Gov. Andrew Cuomo’s Office has sharply criticized the process to evaluate teachers and remove bad ones, in a letter his office sent to the Board of Regents.
In a letter dated Thursday, Jim Malatras, director of state operations, questioned how the current evaluation system could be credible when only 1 percent of teachers were rated ineffective. More than 95 percent were rated either highly effective or effective, which are the top two categories.
Developing teachers accounted for 3.7 percent of the total. Under the state’s teacher evaluation system, teachers that are rated ineffective for two years in a row can be removed through an expedited process.
Sixty percent of the teacher evaluation score is based on classroom observation and other traditional measures, which Malatras called subjective. Another 20 percent is based on local tests and the remaining 20 percent on student progress on state standardized tests. He also called for reform of the teacher disciplinary process, especially in New York City, where poor-performing educators are removed from the classroom but still continue to be paid for doing nothing.
He also called on making changes to the teacher training and certification process including a one-time competency test for all teachers currently in the system.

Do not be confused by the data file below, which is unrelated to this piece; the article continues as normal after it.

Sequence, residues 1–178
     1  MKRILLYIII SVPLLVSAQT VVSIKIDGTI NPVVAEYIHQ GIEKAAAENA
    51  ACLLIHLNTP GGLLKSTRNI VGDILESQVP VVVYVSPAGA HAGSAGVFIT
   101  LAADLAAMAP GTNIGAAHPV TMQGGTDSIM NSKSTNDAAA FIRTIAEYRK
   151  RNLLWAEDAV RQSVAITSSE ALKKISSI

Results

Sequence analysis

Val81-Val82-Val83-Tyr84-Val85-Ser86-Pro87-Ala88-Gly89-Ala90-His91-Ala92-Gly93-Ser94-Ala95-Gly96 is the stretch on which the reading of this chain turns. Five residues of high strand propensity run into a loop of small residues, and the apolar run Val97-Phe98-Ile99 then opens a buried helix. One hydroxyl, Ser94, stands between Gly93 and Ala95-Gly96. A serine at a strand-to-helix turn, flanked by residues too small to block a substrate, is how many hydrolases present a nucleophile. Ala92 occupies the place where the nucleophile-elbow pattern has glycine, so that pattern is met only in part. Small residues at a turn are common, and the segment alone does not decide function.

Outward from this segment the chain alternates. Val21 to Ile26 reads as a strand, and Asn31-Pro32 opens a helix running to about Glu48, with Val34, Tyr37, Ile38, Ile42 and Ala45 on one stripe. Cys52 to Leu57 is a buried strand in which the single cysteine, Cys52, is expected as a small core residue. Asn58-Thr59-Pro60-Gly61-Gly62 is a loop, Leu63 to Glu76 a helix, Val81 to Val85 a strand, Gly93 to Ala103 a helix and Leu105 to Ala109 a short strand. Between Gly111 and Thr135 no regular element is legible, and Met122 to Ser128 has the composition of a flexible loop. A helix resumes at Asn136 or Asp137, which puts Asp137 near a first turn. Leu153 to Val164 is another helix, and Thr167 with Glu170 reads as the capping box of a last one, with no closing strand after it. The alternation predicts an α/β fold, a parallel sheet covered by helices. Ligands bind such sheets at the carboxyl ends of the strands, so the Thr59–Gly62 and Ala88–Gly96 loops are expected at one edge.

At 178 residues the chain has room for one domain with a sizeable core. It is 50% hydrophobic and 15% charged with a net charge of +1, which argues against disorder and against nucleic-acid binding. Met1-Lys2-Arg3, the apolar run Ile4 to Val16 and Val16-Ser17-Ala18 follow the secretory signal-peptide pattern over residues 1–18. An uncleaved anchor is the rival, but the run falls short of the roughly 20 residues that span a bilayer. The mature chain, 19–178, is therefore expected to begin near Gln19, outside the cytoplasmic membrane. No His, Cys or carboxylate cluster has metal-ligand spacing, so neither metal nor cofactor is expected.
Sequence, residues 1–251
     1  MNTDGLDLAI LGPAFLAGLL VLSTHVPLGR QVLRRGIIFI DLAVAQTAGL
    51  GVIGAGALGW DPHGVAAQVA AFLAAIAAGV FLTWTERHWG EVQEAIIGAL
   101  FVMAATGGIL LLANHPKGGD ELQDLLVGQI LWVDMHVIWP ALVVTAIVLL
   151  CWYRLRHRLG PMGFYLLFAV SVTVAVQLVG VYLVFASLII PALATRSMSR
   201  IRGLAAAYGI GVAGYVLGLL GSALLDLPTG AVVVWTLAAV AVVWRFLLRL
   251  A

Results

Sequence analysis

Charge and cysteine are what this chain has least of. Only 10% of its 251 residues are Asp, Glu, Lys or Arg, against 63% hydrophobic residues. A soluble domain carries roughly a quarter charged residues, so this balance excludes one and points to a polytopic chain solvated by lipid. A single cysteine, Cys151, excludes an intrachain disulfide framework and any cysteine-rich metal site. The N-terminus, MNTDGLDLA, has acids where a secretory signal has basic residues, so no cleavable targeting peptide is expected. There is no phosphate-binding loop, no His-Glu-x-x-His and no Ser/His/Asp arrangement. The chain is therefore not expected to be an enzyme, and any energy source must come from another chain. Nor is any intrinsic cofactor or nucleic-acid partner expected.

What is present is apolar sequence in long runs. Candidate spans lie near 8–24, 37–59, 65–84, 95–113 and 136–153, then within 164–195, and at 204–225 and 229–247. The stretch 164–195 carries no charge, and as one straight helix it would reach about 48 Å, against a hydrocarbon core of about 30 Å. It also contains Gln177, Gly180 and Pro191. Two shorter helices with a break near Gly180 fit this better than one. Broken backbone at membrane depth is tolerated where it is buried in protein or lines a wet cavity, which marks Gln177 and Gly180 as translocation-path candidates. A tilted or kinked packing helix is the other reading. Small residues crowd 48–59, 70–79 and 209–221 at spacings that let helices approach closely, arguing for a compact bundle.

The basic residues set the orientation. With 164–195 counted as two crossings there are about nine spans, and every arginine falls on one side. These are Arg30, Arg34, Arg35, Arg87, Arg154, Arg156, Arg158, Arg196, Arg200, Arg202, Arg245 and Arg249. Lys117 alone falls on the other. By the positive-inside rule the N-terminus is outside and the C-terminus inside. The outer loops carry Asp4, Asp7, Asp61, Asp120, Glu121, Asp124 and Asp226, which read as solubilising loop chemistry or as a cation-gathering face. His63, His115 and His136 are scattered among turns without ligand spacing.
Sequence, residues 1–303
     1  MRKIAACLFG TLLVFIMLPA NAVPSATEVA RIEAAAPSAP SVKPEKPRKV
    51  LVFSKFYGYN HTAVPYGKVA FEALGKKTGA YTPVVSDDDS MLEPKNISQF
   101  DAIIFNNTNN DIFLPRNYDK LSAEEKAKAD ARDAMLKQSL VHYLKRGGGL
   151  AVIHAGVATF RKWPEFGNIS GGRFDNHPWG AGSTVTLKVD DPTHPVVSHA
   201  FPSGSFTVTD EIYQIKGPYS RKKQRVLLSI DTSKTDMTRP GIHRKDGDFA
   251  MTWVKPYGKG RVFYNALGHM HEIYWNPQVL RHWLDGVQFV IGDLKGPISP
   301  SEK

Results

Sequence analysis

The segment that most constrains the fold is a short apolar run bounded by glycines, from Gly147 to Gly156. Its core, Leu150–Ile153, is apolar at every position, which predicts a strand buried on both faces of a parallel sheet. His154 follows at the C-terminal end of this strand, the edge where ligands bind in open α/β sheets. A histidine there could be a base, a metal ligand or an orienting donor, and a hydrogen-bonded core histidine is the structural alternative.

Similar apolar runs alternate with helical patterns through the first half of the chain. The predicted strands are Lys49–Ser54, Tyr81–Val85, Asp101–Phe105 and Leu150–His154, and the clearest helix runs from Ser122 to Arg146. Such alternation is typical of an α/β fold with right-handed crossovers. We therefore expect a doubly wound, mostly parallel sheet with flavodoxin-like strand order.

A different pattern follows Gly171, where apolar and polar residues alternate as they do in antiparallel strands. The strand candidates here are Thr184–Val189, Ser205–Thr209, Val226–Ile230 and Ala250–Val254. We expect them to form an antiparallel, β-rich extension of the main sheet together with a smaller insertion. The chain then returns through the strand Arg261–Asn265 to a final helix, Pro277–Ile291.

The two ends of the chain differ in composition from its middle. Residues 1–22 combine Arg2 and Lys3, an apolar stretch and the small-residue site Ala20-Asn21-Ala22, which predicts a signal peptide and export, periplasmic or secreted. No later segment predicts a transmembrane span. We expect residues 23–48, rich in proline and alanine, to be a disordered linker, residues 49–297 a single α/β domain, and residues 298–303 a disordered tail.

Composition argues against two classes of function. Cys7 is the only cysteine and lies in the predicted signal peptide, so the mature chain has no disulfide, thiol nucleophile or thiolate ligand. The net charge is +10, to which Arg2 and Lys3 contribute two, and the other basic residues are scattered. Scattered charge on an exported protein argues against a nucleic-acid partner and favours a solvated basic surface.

Other ideas were to extend the length of time before teachers could receive tenure and offer incentives to high-performing teachers.
He also signaled out school districts that have declining enrollment and whether the state should push mergers, consolidations or regionalization.
Cuomo also called on possibly making changes to the appointment process to the board of Regents and a transparent process -- with parent, teacher and legislative input -- to replace Commissioner John King, who is leaving to work for the federal Department of Education.
The letter is already generating reverberations among education advocates.
The Alliance for Quality Education called it “ridiculous,” saying Cuomo is ignoring the real issues such as the limited funding for preschool programs outside New York City, the widening gap in funding between rich and poor school districts
“The crisis in our public schools is crying out for attention. The governor is avoiding these critical issues that define his legacy on education. Rather than addressing them head-on he is seeking to draw attention away from them. His focus on expanding charter schools and using high stakes testing to evaluate teachers is nothing more than carrying the water of Hedge Fund billionaires who are his political patrons,” Executive Director Billy Easton said in a news release.
New York State United Teachers also slammed the letter as “clueless” and said the governor should listen to the advice of parents, educators and students.
“Instead, New Yorkers get clueless, incendiary questions that do the bidding of New York City hedge fund billionaires who have letterhead and campaign donations, but know absolutely nothing about how public education works. If the governor wants a battle, he can take the clueless New York City billionaires. We’ll take the parents, teachers, higher education faculty and students in every ZIP code of the state,” Union President Karen Magee said in a news release.